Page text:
Tuesday, February 1, 2011

Being Hip

So tonight, Sandra and I hung out at the Delta Lion Pub.
We're cool like that. 

We shared a table with (24 year olds) Jer P and Dan G who are cool like that too. (Although they would probably argue that they are cooler because they have tattoos and skinny jeans.) 


Also at our table was Donna (Hi Donna! She's been reading this blog for years) and Craig (who does lighting).

We were there for The Kindlings. (The Kindlings is a movement inspired by C.S. Lewis, J.R.R. Tolkien, Charles Williams, Dorothy Sayers and a diverse group of gadflies and friends called “The Inklings,” who met in an Oxford pub each week for lively conversation and friendly disputation.
This grassroots movement communicates online and through our live events and podcasts. Like "The Inklings," it seeks to ignite intelligent, imaginative, hospitable exploration of ideas that matter in contemporary life.
Each podcast features a diverse panel of thought-provoking culture-shapers and observers, anchored by author and former talk-show host Bill Hogg.)

And tonight's topic was Hipster Christianity. (In the premier Kindlings Muse Canada West broadcast of 2011, we will discuss Brett McCracken’s Hipster Christianity. Hipster Christianity, McCracken’s debut book, deconstructs evangelicalism’s quest for cool and considers the trends the church openly embraces. McCracken alleges that we are, "turning Christianity into a shape-shifting chameleon with ever-diminishing ecclesiological confidence and cultural legitimacy." In an increasingly post-modern society, how should a thoughtful Christian respond? Can church be cool? Should church be cool? Bill and our cadre of gadflies, Dr. Allyson Jule, film critic Peter T. Chattaway, and filmmaker Kevin Miller, will add their wit and wisdom to the discussion.)
There was alot of discussion on what  "Hipster" is,  and according to my notes:

 - If you call yourself a hipster, you probably aren't one.
 - Commercial Drive in Vancouver; most hipster neighbourhood to live in.
 - Hipsters are young, independent, rebellious, individualistic people who all listen to certain bands (or certain specific types of music), have favorite movies, wear a particular style and brand of clothes. In other words, hipsters are defined by and dependent on consumerism. 

- Hipster = exclusivity. Which is the opposite of Christianity... = inclusivity.  

 - Being a hipster is all about image management. It's selfish. Self-centred.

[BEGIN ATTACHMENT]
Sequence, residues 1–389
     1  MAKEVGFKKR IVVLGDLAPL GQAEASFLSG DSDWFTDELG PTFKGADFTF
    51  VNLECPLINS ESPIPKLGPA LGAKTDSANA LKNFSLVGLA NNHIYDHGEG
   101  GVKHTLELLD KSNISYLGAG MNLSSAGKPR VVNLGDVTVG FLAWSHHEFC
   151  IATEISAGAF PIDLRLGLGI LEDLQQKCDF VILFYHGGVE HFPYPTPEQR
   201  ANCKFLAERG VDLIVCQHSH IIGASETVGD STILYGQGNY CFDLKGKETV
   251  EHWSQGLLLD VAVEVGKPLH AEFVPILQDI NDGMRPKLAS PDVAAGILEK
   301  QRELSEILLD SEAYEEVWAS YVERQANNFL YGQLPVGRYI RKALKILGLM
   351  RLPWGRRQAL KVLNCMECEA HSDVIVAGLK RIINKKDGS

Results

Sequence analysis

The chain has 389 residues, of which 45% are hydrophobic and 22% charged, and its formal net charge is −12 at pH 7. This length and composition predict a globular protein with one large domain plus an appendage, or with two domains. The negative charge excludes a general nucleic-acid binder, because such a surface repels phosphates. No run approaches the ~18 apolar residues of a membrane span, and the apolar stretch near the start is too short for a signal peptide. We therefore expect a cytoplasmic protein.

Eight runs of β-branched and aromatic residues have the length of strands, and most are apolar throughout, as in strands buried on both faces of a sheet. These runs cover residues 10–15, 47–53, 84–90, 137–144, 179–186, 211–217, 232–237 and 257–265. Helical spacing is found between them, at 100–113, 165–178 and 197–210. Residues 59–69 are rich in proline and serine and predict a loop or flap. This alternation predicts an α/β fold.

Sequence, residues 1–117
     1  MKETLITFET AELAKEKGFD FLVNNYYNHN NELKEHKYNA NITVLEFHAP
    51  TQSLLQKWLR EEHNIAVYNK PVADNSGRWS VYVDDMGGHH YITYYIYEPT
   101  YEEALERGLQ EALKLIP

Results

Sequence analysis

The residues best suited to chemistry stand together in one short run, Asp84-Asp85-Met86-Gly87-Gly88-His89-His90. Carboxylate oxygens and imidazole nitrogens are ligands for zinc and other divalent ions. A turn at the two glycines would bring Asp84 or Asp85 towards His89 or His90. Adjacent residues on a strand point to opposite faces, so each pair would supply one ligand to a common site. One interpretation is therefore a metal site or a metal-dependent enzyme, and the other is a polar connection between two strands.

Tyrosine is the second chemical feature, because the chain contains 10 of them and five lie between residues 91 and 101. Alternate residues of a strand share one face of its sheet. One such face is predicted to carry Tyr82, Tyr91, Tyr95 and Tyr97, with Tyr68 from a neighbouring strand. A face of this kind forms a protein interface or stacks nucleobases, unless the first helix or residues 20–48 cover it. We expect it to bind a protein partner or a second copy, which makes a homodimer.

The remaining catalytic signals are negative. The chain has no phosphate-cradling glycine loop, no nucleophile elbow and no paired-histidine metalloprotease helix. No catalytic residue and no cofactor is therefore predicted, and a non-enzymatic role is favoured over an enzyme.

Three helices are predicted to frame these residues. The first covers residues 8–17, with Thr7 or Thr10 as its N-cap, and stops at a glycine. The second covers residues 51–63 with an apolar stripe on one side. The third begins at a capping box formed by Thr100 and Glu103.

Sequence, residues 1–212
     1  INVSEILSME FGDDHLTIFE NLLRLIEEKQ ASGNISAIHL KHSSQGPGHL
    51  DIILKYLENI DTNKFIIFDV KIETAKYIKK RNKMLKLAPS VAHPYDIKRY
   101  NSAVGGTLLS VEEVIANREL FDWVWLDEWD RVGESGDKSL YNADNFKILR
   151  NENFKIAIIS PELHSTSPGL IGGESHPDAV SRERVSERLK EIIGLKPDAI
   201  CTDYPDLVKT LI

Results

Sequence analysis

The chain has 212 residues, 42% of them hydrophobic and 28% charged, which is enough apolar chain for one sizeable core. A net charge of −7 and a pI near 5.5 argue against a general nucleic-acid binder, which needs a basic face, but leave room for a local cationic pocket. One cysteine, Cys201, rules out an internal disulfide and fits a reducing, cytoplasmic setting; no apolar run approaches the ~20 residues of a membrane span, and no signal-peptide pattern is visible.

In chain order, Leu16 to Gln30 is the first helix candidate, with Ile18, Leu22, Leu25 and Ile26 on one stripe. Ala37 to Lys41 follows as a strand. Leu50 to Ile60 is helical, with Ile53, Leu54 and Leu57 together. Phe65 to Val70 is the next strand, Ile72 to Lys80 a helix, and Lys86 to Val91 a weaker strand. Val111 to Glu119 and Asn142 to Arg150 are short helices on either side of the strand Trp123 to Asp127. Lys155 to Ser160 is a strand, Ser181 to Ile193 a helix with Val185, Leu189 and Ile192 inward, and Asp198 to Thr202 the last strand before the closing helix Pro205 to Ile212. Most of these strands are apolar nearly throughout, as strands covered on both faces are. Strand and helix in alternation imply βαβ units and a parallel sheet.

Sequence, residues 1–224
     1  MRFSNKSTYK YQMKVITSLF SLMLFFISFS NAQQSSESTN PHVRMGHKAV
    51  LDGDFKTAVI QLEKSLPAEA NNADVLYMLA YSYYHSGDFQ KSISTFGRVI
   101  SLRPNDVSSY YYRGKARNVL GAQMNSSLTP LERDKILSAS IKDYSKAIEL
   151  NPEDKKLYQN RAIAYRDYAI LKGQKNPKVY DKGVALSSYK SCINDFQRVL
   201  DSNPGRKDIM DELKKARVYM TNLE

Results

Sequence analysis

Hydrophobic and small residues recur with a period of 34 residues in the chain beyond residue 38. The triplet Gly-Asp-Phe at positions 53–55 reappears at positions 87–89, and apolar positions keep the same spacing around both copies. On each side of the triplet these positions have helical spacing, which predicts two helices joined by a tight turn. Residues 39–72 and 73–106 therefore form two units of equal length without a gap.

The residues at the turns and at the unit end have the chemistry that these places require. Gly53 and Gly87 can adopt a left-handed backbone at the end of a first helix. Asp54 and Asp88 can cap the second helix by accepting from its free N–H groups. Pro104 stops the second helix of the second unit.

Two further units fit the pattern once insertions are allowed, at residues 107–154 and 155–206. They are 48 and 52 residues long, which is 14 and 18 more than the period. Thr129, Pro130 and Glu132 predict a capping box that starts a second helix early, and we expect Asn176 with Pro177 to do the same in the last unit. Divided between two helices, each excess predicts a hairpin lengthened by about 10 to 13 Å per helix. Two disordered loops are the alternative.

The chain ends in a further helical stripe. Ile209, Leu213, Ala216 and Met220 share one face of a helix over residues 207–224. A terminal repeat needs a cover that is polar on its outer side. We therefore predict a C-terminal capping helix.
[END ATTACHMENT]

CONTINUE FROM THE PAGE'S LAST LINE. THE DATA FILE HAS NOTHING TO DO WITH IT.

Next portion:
Then there was some discussion on Hipster Churches. And if they are "dummying down" the gospel message in order to be relevant to a hipster audience. What is the longevity of a Hipster Church - will they have to reinvent themselves to become relevant to the next generation of 'cool kids'? 

And speaking of relevancy... has 'being relevant' become an idol? Are churches putting more emphasis on being relevant than being Christ-like?

The panel discussion was good, but the chatting around our table was better; thanks to a diverse assortment of table mates who were very kind to some old ladies.

Just now, while typing out my notes, I googled Hipster Christianity to link to the book, and guess what I found? 

Uh huh. 

A quiz!

And guess what this traditional, middle-aged Mennonite mama who buys her clothes in the fat store got for a final score...

Yeah. That's right.

Your Christian Hipster Quotient:
74 / 120

High CHQ. You are a pretty progressive, stylish, hipster-leaning Christian, even while you could easily feel at home in a decidedly un-hip non-denominational church. You are conservative on some issues and liberal on others, and sometimes you grow weary of trendy "alt-Christianity." But make no mistake: You are a Christian hipster to at least some degree.

What'd you get?

Three things I'm thankful for:
1. Fun evenings
2. Start of a new semester Drew, Danica and Halee. Go get'm guys...
3. The mountains. Oh. My. Goodness. The Mountains.


1 comment:

Anonymous said...

My Christian Hipster Quotient:
61 / 120
Low CHQ. You probably belong to the purpose-driven, seeker-sensitive, Hawaiian shirt-wearing Christian establishment, even though you are open to some of the "rethinking Christianity" stuff. You seem to like edginess in some measure but become uneasy when your idea of Christian orthodoxy is challenged by some renegade young visionary who claims the virgin birth isn't necessary.

This happened only because most of the questions were skewed toward some kind of mainstream christianity. Amusing, anyway.